Question Sessions with H. H. the Fourteenth Dalai Lama Concerning the Kalachakra Initiation
January 22, 1985; March 25, 1985; March 26, 1986
translated by Alexander Berzin
1 Preparation for Receiving the Initiation
[with clarification of His Holiness' answers included within square brackets in violet.]
Berzin: When I go to the West next year to give introductory talks for the Kalachakra initiation, what would be good to present that would help people prepare? What would be helpful for people to know as a background for attending the initiation?
His Holiness: Speak about the uncommon things to be understood from Kalachakra. Setting it as an anuttarayoga mandala, present its special features. Then, explain the way that Kalachakra works, in terms of the systems of external, internal, and alternative Kalachakras. Then, since the initiation is important and, for taking the initiation, keeping the vows is essential, and before this, training in the common paths of bodhichitta and the correct view of voidness are extremely crucial; if you explain a little bit about all of these, that will be good.
In addition, if you have more time, give the general way of proceeding with anuttarayoga, step by step, and the features that it shares in common with tantra in general. Without a good foundation and preparation, there is no point in becoming involved with tantra. I shall also give an introduction about these things as preliminary.
Berzin: What about also describing the history of the Kalachakra tantra and its spread to India and Tibet?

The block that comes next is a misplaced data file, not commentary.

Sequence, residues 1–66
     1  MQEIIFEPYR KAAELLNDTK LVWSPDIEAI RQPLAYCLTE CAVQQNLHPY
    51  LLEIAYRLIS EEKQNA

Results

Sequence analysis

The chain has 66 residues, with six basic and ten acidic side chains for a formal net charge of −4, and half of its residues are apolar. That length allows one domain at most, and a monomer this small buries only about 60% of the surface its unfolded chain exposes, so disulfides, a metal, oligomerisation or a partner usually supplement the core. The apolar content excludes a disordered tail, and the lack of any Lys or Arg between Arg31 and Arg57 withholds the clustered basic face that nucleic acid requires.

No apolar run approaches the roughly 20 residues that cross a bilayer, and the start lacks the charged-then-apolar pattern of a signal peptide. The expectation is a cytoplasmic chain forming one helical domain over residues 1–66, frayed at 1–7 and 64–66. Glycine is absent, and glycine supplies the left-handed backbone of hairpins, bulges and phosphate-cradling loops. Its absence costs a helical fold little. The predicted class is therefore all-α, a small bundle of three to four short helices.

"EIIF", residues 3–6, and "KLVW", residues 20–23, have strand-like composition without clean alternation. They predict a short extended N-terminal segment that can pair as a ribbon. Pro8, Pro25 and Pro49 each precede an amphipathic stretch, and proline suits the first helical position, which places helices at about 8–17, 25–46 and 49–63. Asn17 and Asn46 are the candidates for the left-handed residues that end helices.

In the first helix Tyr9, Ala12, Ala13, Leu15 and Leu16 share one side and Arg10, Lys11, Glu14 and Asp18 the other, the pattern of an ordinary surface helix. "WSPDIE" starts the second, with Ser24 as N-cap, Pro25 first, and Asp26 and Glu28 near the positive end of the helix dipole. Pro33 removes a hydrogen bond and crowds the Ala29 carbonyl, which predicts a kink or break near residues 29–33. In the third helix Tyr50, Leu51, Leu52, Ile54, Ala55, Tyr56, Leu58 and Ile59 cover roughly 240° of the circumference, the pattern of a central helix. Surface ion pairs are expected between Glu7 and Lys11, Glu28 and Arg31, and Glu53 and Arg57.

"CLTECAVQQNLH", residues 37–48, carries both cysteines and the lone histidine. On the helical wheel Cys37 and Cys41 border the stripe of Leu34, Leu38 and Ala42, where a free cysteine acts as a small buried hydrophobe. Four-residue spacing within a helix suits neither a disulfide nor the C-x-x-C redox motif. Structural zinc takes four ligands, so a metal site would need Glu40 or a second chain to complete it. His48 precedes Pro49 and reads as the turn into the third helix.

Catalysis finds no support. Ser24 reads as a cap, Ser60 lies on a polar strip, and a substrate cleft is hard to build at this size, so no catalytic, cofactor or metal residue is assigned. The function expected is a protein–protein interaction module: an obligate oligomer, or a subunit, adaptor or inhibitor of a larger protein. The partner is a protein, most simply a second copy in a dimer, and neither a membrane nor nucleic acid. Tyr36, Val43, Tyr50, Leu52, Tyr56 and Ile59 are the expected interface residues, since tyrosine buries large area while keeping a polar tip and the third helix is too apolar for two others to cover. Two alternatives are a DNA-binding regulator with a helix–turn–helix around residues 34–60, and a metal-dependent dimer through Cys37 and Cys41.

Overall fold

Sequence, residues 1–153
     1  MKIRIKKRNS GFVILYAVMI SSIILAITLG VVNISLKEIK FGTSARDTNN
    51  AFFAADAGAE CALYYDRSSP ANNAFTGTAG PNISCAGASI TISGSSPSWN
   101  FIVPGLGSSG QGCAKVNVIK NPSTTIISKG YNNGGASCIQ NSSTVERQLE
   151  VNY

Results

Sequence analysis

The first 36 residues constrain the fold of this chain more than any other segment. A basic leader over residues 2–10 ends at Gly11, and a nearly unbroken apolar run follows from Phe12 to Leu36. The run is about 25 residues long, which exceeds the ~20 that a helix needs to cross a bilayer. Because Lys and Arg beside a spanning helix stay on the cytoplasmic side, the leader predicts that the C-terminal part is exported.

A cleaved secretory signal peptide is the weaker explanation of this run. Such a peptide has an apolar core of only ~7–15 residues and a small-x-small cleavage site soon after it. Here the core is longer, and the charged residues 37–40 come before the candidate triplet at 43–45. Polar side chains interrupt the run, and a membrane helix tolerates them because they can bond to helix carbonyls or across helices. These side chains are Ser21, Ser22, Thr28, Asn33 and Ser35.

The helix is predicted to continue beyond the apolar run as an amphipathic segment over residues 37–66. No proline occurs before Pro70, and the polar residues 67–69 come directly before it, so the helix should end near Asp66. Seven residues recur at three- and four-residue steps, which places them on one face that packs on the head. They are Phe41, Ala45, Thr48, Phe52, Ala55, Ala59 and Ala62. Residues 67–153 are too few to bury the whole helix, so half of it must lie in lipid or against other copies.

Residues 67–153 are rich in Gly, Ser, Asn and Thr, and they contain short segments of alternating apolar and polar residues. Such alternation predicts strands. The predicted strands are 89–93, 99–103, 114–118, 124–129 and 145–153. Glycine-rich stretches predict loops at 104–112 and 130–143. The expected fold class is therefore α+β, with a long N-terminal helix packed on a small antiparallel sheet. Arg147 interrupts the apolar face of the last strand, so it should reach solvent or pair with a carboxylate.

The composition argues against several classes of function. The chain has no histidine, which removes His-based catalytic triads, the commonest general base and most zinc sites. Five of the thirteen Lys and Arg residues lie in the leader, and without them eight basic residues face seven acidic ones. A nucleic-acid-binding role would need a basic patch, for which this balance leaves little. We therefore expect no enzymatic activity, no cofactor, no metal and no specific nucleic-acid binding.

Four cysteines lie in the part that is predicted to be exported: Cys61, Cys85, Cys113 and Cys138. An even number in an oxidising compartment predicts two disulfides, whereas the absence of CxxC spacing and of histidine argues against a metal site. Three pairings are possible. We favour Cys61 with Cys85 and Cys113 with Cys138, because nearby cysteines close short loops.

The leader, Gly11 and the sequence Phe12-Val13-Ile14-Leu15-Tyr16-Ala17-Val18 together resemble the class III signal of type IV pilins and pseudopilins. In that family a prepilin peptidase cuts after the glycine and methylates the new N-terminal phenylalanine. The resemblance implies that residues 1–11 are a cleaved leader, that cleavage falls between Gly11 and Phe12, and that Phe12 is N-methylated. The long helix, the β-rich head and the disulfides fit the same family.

His Holiness: That would be fine.
Berzin: Is it helpful to explain about Shambhala?
His Holiness: Certainly. Where do you think it is?
Berzin: I don't quite know. Serkong Rinpoche said it was not on earth, but could perhaps be on another world where flying saucers come from. This is because the texts speak of people coming from Shambhala on flying vehicles. They come from Shambhala to check our situation. Several cultures among the indigenous people of South America and South Africa also have myths like this, that visitors came long ago from outer space and taught them calendar-making and astronomy. Perhaps they came from Shambhala.
His Holiness: From the point of view of Buddhism, Shambhala is a pure land (dag-zhing), like Sukhavati, Tushita, and Khachari (Dakini-land).
Berzin: Isn't Shambhala a human realm?
His Holiness: If it's a pure land, it doesn't have to be a god realm. There are some pure lands where humans can go. Even non-Buddhists can reach them and once there, proceed on the spiritual path.
Berzin: Is Shambhala included in samsara or nirvana? Serkong Rinpoche said it is a samsaric realm.
His Holiness: It seems to be in samsara. However, once one gets to this samsaric place, one's mind and heart naturally develop much more rapidly. It is probably more like a human realm within in the cycle of samsaric existence where special people live who have built up a great store of positive force (merit, positive potential).